The original film was re-cut with cheap "exorcist" scenes to remake it into HOUSE OF EXORCISM after some unsuccessful screenings in Italy and at Cannes - which either was a financial success (according to Producer Alfredo Leone, who'd shot much of the replacement footage) or as big a financial failure as it was a creative one (Wikipedia). I'm not sure why the original did so poorly - it's a brilliantly subversive, darkly humorous supernatural thriller that I really think needs to be reassessed as the lost classic it is.
4 of 5 people found the following review helpful
HASH(0x9ee76588) out of 5 stars My favorite Bava Nov. 27 2012
By P. Black - Published on
Format: Blu-ray Verified Purchase
Mario Bava's Lisa and the Devil is, out of the 7 or 8 Bava films I've seen, my favorite. It casts Elke Sommer as a young American tourist who is visiting a busy Spanish town with a friend. After encountering a mysterious man in a shop, who it is suggested is the devil, she suddenly finds the town practically uninhabited. After she hitches a ride with a rich couple and their chauffeur, the car breaks down outside a mansion. After this point, the film becomes increasingly enigmatic; however, it is mysterious in a way I find fascinating and not frustrating. In addition, the film's considerable visual beauty, haunting ending and the charismatic presence of Telly Savalas (as the devil) add to its appeal for me. The Blu-ray looks very good overall, with some speckles I noticed occasionally being the one negative. I haven't watched The House of Exorcism (also on the Blu-ray), which is reportedly a butchering of Lisa and the Devil made to capitalize on the success of the then-popular The Exorcist.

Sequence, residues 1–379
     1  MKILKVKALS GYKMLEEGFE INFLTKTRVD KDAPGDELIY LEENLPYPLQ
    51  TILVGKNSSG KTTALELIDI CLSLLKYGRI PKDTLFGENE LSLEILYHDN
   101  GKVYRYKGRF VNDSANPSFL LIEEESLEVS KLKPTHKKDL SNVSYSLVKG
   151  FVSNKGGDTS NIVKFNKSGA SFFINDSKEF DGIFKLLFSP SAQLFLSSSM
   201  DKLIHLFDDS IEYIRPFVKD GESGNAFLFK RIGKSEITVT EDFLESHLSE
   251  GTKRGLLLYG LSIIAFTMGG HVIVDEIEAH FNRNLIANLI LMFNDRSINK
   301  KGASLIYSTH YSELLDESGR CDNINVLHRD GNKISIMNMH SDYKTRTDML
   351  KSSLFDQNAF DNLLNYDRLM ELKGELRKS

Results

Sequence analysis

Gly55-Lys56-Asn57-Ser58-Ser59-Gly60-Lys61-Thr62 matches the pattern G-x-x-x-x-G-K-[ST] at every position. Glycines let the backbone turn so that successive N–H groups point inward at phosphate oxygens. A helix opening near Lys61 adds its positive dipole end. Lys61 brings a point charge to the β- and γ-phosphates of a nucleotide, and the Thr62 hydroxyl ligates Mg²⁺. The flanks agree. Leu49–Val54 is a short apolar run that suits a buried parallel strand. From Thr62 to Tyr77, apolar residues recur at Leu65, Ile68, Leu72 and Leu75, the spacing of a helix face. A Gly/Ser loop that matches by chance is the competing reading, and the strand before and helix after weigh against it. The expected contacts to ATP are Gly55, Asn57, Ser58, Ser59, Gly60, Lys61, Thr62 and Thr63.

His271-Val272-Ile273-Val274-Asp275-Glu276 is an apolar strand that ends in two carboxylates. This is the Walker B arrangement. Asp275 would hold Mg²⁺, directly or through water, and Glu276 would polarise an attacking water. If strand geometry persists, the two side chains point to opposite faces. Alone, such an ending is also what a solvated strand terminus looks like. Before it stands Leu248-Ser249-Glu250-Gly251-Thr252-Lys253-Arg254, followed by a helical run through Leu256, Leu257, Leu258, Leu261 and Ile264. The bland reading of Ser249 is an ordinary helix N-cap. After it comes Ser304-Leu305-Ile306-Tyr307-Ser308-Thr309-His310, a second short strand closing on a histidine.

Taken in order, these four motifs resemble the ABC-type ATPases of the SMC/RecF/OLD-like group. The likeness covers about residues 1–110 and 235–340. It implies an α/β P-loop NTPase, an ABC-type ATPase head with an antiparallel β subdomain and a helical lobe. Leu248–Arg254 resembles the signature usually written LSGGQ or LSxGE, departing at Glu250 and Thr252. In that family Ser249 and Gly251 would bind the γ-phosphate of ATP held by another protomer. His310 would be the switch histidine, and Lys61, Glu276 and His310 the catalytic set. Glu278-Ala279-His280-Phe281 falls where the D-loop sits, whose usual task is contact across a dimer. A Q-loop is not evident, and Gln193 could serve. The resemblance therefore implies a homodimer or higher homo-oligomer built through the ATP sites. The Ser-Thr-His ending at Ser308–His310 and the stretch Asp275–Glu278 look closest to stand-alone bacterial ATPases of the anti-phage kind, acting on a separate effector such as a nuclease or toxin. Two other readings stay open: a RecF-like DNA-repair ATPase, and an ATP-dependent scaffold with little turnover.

1 of 1 people found the following review helpful
HASH(0x9eadd288) out of 5 stars Lisa and her never ending bad vacation in Spain... April 9 2016
By L. L. B. - Published on
Format: Blu-ray Verified Purchase